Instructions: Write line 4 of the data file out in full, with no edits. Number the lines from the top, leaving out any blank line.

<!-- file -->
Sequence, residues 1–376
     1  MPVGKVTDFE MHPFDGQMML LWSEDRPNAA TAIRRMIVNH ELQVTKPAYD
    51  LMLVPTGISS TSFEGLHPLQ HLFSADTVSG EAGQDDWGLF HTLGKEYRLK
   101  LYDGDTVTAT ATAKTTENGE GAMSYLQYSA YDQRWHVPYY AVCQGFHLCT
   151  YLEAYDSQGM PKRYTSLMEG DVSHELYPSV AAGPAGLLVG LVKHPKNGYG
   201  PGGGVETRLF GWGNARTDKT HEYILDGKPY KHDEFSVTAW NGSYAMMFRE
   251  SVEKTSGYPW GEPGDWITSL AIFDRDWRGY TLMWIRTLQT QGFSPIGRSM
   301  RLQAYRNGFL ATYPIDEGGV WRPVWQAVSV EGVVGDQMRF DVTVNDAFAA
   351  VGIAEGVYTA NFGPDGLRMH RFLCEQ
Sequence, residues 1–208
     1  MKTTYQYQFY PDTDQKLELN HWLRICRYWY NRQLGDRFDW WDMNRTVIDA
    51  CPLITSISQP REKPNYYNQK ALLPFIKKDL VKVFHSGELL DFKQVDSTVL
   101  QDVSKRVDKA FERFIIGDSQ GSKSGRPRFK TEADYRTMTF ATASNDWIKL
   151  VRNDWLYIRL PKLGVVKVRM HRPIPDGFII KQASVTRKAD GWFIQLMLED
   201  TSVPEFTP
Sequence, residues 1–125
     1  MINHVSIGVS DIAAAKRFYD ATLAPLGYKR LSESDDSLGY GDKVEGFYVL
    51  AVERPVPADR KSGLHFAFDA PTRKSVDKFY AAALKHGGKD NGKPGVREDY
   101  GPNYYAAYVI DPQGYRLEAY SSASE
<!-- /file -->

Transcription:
   101  LYDGDTVTAT ATAKTTENGE GAMSYLQYSA YDQRWHVPYY AVCQGFHLCT